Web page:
Ten subjects with chronic stroke (3 males, 7 females) volunteered to participate in this study (table 1). They were recruited among outpatients of the ART Rehabilitation and Educational Center - Genova. Inclusion criteria were (1) diagnosis of a single, unilateral stroke verified by brain imaging; (2) sufficient cognitive and language abilities to understand and follow instructions; (3) chronic conditions (at least 1 year after stroke), (4) stable clinical conditions for at least one month before entering robot therapy. Subjects ranged in age from 32 to 74 years (52.9 ± 14.99) with an average post-stroke time of 3.7 ± 1.95 years and with a majority of ischemic etiology (7/10). Three subjects had a history of left-hemisphere stroke; the others had right-hemisphere damage. As regards the impairment level (table 2), the majority of subjects (6/10) had a Fugl-Meyer score (arm section: FMA) smaller than 25/66. The other 4 subjects had a more moderate score (25<FMA<45). In any case, no subject was able to carry out the tracking task without robot assistance as we could verify in the preliminary familiarization session with the experimental setup.
Anagraphical and clinical data of the patients.
Age: years. Sex: Male/Female. Disease duration: years. Etiology: Ischemic/Hemorrhagic. Paretic hand: Left/Right.
The research conforms to the ethical standards laid down in the 1964 Declaration of Helsinki, which protect research subjects. Each subject signed a consent form that conforms to these guidelines.
The robot training sessions were carried out at the Neurolab of the Department of Informatics, Systems and Telematics of the University of Genoa, under the supervision of a physiotherapist, while a physiotherapist with more than twenty years of experience, selected the subjects, instructed them and evaluated the clinical scores.
Experimental protocol and task
The task consists of tracking a moving target that draws a figure-of-eight-shaped trajectory (length = 90 cm), according to the following law of motion:
where A = 0.16 m, B = 0.07 m, T = 15 s. Therefore, it takes 15 s to complete the figure-of-eight, in the standard situation, i.e. if the target is not interrupted. This target formation law is consistent with the experimental analysis of handwriting movements , which shows that speed is strongly correlated with the curvature: speed is minimum where curvature is maximum and vice versa. In our case (see fig. 2 bottom panel) A, C, E are points of maximum speed (and minimum curvature): vA= vE= 8.9 cm/s, vC= 5.3 cm/s; B and D are points of minimum speed (and maximum curvature): vB= vD= 4.3 cm/s. These points, as well as the symmetric ones in the other half of the path (with a total of eight) are used as control points by the adaptive controller.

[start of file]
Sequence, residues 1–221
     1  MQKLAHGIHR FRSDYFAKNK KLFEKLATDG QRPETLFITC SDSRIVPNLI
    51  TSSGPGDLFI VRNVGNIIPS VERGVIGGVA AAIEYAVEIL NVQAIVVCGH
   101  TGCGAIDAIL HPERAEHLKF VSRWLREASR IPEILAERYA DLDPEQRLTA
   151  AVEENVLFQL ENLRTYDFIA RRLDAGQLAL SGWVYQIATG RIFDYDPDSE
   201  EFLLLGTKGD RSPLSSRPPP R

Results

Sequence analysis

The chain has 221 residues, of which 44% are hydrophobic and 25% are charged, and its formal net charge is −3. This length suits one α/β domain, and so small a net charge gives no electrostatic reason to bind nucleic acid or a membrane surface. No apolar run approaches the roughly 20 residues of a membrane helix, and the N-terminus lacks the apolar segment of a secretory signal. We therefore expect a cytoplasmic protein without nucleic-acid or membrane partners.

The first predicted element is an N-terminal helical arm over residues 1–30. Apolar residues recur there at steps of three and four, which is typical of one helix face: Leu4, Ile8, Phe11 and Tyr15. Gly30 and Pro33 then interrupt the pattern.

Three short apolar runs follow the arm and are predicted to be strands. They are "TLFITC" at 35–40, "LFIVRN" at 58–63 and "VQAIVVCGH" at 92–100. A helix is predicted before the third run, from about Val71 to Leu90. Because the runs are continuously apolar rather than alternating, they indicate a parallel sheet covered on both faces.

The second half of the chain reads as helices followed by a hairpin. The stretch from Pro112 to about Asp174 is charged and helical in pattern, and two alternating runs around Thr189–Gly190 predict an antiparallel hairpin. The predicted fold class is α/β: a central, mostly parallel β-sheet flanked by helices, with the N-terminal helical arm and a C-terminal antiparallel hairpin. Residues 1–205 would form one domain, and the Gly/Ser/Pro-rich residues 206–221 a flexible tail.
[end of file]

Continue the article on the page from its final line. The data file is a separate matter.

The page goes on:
The position of the targets is presented simultaneously to the subjects in two sensory modalities:
visual, by means of a circle on the computer screen;
haptic, by means of an attractive force field directed towards the target.
The motion of the target is stopped if the error (distance between the target and the hand/robot position) exceeds 2 cm and it is resumed if the error re-enters the admissible error range. Chattering around the threshold is avoided by using a minimum duration after threshold crossing. The tracking duration of each turn is thus equal to the nominal duration of 15 s only if the error never exceeds the 2 cm threshold.
Training sessions are divided into blocks, each of them containing 10 turns around the figure: 5 turns with the sequence "clockwise-right/counterclockwise-left" plus 5 turns with the sequence "counterclockwise-right/clockwise-left" (figure 2). The nominal duration (for an ideal subject) is 10*15 = 150 s and the corresponding path length is 10*0.9 = 9 m. Each block of trials is carried out in one of two experimental conditions:
visuo-haptic condition (VHC), in which the subject has vision of the hand position and the target on the computer screen and, at the same time, is provided with the haptic representation of the target direction by means of the attractive force field (from the hand to the moving target);
pure haptic condition (PHC), in which the subject is blindfolded and only the robot-generated force field allows him/her to detect in which direction the target is moving.
VHC and PHC were alternated in the same session. Each session lasted no more than an hour and included a variable number of blocks, as a function of the impairment level: 18 in the ideal situation of perfect tracking. The therapy cycle included a number of sessions that ranged between 6 and 12 (see table 2).
Clinical evaluation of the therapy.
No. of sessions
Mean ± SD
23.4 ± 14.26
26.8 ± 14.6
3.4 ± 1.89
FMA: Fugl-Meyer Arm section score (0-66), before (pre) and after (post) the robot therapy sessions. Ash: Ashworth score (0-4) before robot therapy (it did not change during therapy).